State Senator Dave Cox was asked about the Democrats tax proposal to raise revenue. Senator Cox said the State of California had no revenue problem since state revenue has increased from $50 billion to $100 billion just during the 10 years he's been in office. We have a spending problem.

Every tax increase has moved the economy in exactly the opposite direction, according to Cox.

Government Hallucinations

Political Columnist, Dan Walters, says perusing the state budget is not unlike Alice on her plunge down a rabbit hole into Wonderland, a world where up is down, down is up and what appears to be true is often false. We are routinely force-fed numbers from those who have a political interest in making them add up a certain way. And the more they assure us that they're not using any gimmicks, the more suspicious we become.

Borrowed money is counted as revenue, payments due in one fiscal year are magically transported into another year, income is inflated, liabilities are minimized, increases in spending are characterized as cuts, and accounting is constantly shifted between cash and accrual basis.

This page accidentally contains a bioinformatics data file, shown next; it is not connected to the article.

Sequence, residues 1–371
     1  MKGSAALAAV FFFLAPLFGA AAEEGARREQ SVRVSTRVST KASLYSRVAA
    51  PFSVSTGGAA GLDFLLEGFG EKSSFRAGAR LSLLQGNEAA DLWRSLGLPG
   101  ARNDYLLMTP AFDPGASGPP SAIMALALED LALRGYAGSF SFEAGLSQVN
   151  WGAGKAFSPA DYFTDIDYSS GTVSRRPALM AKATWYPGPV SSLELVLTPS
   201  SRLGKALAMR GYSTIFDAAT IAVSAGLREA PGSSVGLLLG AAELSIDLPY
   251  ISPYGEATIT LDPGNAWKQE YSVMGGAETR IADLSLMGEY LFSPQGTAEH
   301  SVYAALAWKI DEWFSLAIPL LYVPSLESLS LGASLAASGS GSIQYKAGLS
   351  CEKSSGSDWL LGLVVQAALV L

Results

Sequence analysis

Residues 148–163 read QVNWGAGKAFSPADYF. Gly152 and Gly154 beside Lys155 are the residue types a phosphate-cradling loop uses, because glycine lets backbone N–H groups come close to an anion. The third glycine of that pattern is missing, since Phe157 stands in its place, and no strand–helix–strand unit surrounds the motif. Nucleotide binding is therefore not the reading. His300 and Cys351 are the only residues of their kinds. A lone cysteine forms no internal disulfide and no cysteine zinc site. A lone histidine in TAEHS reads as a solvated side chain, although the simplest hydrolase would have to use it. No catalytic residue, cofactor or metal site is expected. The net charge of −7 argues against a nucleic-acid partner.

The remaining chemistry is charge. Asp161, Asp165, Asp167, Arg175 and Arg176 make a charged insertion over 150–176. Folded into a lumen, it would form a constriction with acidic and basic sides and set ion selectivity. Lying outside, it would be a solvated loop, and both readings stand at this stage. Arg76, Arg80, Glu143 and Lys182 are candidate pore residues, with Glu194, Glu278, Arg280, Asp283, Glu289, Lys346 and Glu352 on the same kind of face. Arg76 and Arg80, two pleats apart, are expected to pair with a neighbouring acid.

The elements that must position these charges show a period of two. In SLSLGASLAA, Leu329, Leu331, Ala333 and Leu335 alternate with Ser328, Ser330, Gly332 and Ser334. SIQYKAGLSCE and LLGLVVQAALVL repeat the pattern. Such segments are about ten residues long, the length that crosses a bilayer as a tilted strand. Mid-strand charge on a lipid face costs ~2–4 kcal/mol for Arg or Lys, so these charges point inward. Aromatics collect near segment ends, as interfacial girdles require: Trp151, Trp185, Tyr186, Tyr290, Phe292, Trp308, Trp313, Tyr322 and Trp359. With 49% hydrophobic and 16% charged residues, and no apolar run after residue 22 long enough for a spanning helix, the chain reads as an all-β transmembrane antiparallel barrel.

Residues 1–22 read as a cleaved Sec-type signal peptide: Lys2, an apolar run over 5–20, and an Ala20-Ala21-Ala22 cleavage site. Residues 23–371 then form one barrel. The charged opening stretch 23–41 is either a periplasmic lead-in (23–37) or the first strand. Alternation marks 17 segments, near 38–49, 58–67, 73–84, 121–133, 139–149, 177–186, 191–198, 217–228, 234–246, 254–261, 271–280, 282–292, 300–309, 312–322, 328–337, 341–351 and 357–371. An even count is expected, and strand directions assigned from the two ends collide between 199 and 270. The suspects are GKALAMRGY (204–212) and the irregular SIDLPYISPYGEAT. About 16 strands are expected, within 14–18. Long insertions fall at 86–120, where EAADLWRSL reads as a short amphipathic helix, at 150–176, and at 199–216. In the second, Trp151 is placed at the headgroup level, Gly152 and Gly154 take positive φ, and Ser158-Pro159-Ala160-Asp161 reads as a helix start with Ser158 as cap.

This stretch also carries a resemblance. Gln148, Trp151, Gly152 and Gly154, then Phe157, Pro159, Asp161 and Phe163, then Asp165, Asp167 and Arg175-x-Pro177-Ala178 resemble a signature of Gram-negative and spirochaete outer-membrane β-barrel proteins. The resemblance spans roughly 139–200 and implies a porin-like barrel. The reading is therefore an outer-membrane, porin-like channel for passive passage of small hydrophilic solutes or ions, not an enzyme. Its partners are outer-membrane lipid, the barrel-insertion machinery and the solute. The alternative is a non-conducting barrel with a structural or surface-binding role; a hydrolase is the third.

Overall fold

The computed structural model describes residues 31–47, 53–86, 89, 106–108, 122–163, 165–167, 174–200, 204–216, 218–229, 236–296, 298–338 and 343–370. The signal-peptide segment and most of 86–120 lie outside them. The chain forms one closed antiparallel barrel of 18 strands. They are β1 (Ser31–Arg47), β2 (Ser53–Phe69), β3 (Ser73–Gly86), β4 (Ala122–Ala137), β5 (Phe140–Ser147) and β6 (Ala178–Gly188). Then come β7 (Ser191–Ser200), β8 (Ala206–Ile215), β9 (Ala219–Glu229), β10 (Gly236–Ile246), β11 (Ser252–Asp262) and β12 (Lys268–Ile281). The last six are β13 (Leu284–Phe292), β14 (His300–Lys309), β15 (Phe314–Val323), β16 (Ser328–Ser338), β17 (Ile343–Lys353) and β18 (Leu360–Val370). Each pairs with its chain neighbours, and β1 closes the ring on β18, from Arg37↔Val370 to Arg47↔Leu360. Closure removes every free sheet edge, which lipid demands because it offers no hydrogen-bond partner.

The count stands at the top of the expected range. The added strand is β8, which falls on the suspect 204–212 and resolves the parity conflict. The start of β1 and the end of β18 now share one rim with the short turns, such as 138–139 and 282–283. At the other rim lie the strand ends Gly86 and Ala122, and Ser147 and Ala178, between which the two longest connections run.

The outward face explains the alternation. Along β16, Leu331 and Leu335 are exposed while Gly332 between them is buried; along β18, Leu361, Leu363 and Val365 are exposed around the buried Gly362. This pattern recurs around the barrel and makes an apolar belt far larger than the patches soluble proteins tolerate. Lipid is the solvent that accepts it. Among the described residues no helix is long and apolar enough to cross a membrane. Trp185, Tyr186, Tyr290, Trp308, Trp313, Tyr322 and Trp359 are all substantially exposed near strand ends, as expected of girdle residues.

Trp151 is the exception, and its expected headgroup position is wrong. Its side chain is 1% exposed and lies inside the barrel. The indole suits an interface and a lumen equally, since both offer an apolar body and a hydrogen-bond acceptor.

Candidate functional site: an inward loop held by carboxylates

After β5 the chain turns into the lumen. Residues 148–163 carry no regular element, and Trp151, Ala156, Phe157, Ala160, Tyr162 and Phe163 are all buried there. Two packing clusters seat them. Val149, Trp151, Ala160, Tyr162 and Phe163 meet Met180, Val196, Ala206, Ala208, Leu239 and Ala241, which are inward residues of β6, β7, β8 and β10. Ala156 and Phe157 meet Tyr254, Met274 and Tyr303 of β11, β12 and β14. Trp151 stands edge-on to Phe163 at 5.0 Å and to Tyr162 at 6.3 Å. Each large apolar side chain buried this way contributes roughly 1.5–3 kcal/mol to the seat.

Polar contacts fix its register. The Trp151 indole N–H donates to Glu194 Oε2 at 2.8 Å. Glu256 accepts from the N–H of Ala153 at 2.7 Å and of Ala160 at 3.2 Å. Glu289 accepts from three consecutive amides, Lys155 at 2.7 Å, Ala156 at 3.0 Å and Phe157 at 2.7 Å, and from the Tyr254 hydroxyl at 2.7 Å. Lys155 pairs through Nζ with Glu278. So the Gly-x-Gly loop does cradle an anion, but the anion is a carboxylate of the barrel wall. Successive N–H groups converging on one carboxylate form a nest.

He had to go to the state controller's office to see the actual cash reports of real money coming in and what was paid out and found the $7 billion short fall. The state legislature's budget office projects what they think should happen but seldom does.

We should know we cannot trust Government. They would also destroy health, if they controlled it.

To read more HHK, go to

To read more HMC, go to

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11.  Physicians Restoring Accountability in Medical Practice, Government and Society:

•                      John and Alieta Eck, MDs, for their first-century solution to twenty-first century needs. With 46 million people in this country uninsured, we need an innovative solution apart from the place of employment and apart from the government. To read the rest of the story, go to and check out their history, mission statement, newsletter, and a host of other information. For their article, "Are you really insured?," go to